Ms. Mori had been involved in creating a scent called “anti-gravity.” Marije Vogelzang, a Dutch designer, had made eating utensils imbued with the smells of foods that might be harmful to consume but are still nice to sniff. The urban designer Majora Carter had worked on scents that could be diffused through the ventilation system of an apartment complex in her neighborhood in the South Bronx.

Mr. Hunt also seemed proud of a student project called “Scent Clock,” a piece of cardboard listing six times of day. “If you scratch at each hour, there is a different smell associated with a different time of day,” he said. “Scratch the shiny spot.”

The reporter scratched an orange rectangle labeled “10 wake up” and smelled not much of anything.

“We wanted to make it a challenge and didn’t want it to be easy,” Mr. Hunt said. “It’s a combination of toothpaste and an alarm clock.”

The reporter inhaled again, smelling mint. That explained the toothpaste, but where was the alarm clock?

“There should be a slightly more plastic smell to it,” Mr. Hunt said. “Part of the challenge is what does an alarm clock smell like? I think it smells like electronics, which is a certain kind of burning smell, but there is also the metaphysical. An alarm clock wakes you up, so you want a smell that is very bright.”

The reporter moved on to the scent made by Ayse Birsel, who has designed pots and pans for Target and toilet seats for Toto. Ms. Birsel and her colleague Yoko Hiroshi, working with perfumers Celine Barel and Laurent Le Guernec, created a birth through death line. As Ms. Birsel conceived it, each scent would be contained in a large, smooth stone that would symbolize that moment in life. Since there was no time to imbue the stones with the scent, they were presented separately.

Ms. Birsel, who wore a black stone-like Japanese gourd around her neck and black fishnet stockings, had a half-dozen stones with her.

“What we wanted to do was give form and scent to threshold in life,” she said. “We wanted to create a very intimate form. The form of the pebble as something you can hold in your hand would symbolize a moment in your life, like a birth or a partnership.”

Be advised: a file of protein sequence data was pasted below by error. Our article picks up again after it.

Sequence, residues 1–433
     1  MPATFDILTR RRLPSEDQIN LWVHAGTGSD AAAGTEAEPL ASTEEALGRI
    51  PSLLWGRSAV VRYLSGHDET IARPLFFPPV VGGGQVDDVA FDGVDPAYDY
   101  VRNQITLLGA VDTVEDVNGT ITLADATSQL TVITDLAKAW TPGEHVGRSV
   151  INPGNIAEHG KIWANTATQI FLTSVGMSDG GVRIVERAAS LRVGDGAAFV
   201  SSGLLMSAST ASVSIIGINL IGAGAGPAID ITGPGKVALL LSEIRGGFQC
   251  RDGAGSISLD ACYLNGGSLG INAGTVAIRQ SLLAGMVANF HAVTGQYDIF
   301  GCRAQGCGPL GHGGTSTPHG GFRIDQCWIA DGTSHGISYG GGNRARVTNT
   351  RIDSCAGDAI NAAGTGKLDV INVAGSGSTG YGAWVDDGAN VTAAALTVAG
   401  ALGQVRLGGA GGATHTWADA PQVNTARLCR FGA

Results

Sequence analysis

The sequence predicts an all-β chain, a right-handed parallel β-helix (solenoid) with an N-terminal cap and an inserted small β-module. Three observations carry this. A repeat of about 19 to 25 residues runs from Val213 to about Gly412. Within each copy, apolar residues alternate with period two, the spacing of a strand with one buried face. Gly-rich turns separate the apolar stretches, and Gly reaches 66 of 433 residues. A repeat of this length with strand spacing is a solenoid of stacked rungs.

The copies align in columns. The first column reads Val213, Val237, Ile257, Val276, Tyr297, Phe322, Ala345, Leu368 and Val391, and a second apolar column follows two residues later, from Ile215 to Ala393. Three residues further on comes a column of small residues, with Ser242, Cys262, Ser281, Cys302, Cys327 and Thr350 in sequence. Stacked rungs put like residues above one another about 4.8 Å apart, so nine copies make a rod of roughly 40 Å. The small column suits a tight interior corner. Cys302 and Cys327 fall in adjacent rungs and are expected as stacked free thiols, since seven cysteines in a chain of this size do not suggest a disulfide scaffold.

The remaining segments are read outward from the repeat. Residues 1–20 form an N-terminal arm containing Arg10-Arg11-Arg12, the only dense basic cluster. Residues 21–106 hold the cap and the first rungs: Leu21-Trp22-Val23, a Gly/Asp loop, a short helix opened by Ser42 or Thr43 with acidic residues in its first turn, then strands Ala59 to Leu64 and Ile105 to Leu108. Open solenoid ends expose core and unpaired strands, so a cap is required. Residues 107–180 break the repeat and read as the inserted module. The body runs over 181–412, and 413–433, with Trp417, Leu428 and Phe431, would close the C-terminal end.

So those two halves of a stone that fit smoothly together — is that one “partnership”?

“This is sex, actually, the pebble as yin and yang, two perfect pieces that come together,” Ms. Birsel said. “Partnership is the whole stone. We decided puberty is about dichotomy, you have multiple personalities and a piece missing because you are not totally whole.”

What about the scent?

“We asked them to create a scent that is unbalanced, with too many hormones,” Ms. Birsel said. “We had them imbued in the little plastic pearls, because in the time frame we had we couldn’t inject them in the forms.”

We heard nobody likes the puberty scent, we told her.

“Well, nobody likes puberty, so it’s a successful smell,” she said. “That was the intention.”

Click for the original article.


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Planted containers and decorative urns add scale and visual points of interest to a landscape. Some gardens confined to tight boundaries, might consist of only container plants. The plants residing inside a container can be upright, structural or soft and colourful.  It’s just a matter of setting and how much visual attention you want them to attract.

Recently, cubed planters in a range of materials, from zinc to polished concrete have grown in popularity. So have monochromatic textural plants. Shades of green foliage and shrubbery have become a dominant trend in upscale container planting.

Many garden trends start with London’s annual Chelsea Flower Show.  Zinc containers  became big with Chelsea show gardens about five years ago. As a result, they have become a standard for contemporary container flare.  Zinc works well in both contemporary and many traditional landscape settings. Although design trends come and go, metal is here to stay.

SimplyPlanters

Terrace Gardener

For container garden design, visit Watercolour Gardens.

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Now that the ground has thawed, it’s a great time to start planting shrubs & trees. The roots tend to take well in the cool wet conditions. Spring is a short season in Chicago, so the sooner the better. Less water is required than in summer planting, in turn costing a homeowner less to start a new landscape.

Regardless of when anything is planted, mulch is essential. Mulch helps to retain moisture in the soil and discourages weeds from growing. Make sure to use a natural dark mulch like, shredded hardwood.  It looks great and improves the soil as it breaks down.  For more about landscaping ideas, visit Watercolour Gardens.